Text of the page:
Some wild birds, such as ducks and geese, lay eggs that people eat because they taste good and are high in protein. But can you eat turkey eggs?
You might be surprised to learn that the answer is yes! Turkey eggs are edible and have a mild flavor similar to chicken eggs, but with less moisture.
Can You Eat Turkey Eggs ?. Answer Below :
No you should not. As it turns out, turkey eggs do look like chicken eggs, but that’s where their similarity ends.
In fact, you shouldn’t even try to eat them, because turkey eggs are poisonous.
They aren’t quite as toxic as those of a hen or another bird, but they contain enough avian histamines to make you sick if eaten raw or not fully cooked.
Unlike poultry, you also shouldn’t eat catfish roe and eel ovaries; these eggs contain high levels of rotenone, which can be fatal when ingested. So there are a few foods you probably didn’t know could harm you — and one that might just kill you!
Declining Turkey Population
According to a recent report from Slate, egg cartons these days are bursting with all sorts of colorful adjectives about what kind of eggs you’re buying.
But do those labels really mean anything, or are they just meaningless marketing hype? Is one egg brand better than another—or is it just an elaborate scam designed to separate you from your money?
Unfortunately, not all that glitters is gold (or maybe we should say all that browns is gold?). Sometimes you need a little knowledge and common sense to tell facts from fiction when it comes to food labels.
Also, Read – 4 Best Hunting Clothing Brands
Native Americans Respected Turkeys
Commercial turkey breeders don’t sell their male chicks to farmers and ranchers, who raise them for food. Instead, they destroy all but a few of these male babies by suffocation or electrocution so they won’t grow up to have sex with female turkeys and produce more chicks. (The ratio is 20 males per one female.)
This, in turn, helps control both their populations and a disease called trichomoniasis—or turkey X—which is transmitted sexually and has been increasing since 1998.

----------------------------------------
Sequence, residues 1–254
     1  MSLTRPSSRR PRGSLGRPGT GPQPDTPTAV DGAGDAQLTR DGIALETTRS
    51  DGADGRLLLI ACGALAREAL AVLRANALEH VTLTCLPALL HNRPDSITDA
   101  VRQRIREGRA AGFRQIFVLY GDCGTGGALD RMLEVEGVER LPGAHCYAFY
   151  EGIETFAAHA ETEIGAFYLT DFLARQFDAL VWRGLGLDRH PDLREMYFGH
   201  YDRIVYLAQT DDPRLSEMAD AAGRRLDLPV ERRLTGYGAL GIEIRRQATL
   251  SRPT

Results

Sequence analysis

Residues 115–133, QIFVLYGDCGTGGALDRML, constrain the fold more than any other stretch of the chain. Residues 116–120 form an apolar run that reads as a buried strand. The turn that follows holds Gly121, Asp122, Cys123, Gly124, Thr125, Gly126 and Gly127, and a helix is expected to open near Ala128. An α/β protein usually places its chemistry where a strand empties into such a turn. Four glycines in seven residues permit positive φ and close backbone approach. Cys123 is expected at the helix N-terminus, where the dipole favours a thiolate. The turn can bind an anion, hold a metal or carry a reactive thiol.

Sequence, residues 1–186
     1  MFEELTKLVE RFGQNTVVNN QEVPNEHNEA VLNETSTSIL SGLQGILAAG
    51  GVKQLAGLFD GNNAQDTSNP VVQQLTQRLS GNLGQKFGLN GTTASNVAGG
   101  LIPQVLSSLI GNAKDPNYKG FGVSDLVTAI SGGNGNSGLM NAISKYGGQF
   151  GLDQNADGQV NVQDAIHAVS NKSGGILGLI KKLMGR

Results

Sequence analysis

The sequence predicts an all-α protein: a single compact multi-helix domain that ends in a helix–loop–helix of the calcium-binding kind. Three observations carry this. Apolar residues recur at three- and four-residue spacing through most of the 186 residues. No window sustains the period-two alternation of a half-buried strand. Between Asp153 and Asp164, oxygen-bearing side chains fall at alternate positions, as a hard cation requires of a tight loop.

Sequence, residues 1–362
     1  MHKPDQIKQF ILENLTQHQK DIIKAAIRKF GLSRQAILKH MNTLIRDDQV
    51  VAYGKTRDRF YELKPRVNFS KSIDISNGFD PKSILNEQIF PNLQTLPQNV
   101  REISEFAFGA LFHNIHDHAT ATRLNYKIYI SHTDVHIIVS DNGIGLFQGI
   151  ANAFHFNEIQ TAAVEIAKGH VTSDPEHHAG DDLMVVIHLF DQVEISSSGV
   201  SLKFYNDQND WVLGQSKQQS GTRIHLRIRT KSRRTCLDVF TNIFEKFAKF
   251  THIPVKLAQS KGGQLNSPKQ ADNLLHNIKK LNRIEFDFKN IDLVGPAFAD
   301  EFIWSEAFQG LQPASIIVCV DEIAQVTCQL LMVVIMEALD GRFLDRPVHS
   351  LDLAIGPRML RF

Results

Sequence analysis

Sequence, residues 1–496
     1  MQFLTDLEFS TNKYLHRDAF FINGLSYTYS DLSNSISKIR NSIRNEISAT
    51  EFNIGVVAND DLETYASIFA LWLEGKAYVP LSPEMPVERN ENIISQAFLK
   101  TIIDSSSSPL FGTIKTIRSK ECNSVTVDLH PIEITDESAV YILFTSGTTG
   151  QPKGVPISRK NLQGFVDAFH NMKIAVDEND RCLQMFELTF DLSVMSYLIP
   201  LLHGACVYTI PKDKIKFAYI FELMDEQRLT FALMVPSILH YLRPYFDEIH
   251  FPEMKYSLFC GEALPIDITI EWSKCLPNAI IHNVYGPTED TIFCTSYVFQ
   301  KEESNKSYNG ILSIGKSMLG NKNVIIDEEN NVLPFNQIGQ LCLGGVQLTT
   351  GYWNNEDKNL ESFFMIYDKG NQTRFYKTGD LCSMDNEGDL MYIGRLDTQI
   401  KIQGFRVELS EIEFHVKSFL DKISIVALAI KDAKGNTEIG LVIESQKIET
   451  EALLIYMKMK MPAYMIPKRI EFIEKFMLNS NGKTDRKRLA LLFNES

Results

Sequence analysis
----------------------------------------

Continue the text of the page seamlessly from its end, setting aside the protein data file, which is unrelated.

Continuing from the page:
According to estimates from both industry organizations and animal welfare groups, about 70 percent of commercial turkeys now are infected with trichomoniasis; in 2009 over 1 million birds had to be destroyed because of it.
Also, Read – The truth about eating eggs
Conserving Turkey Populations
Although wild turkeys are present in every state, some states have more of them than others.
These birds live across most of North America, including Canada, with denser populations in northern regions.
Wild turkeys prefer to make their homes in forests and meadows; they live alongside rivers and ponds where they can find water and food.
They also have an affinity for roosting near human settlements where food is plentiful; turkey eggs are often a good choice for these urban birds.
But if you’ve spotted a bunch of wild turkeys outside your house or building, chances are you don’t want them to stop by every day—and you probably don’t want them moving into your attic either!
What Do Turkey Eggs Look Like?
Although they’re not edible, turkey eggs look similar to chicken eggs. Each brownish-gray egg is encased in a white, elliptical shell—with a little more room between shells than chicken eggs have.
But if you crack open a turkey egg, you’ll see it’s much larger than its poultry counterpart.
In fact, it’s about double (and some people say even triple) in size compared to that of a chicken egg. As far as incubation goes, turkeys take just 19 days to hatch from their shell.
Is It Ever Okay to Eat Turkey Eggs?
If you’re trying to raise turkeys for meat, you may have been surprised by a hen’s ability to lay eggs even after she’s begun molting. She will also continue laying until she is no longer fertile, around 25 weeks into her life.
However, a hen’s eggs will not hatch at these times; they need to be incubated in order to produce chicks. With that in mind, whether or not it is okay to eat turkey eggs depends on your goals
Conclusion about Can You Eat Turkey Eggs :
The reality is that turkey eggs are edible, but there’s no reason you should ever eat them. The flavor and texture of a freshly laid turkey egg are unappealing, to say the least.
Also, it might be fun to try something for once but eating an egg from a bird that does not lay eggs naturally is potentially dangerous for your health.
There’s no way to control what goes into a turkey during its lifetime and there could be toxins in those little yolks. Consider yourself warned—they taste awful!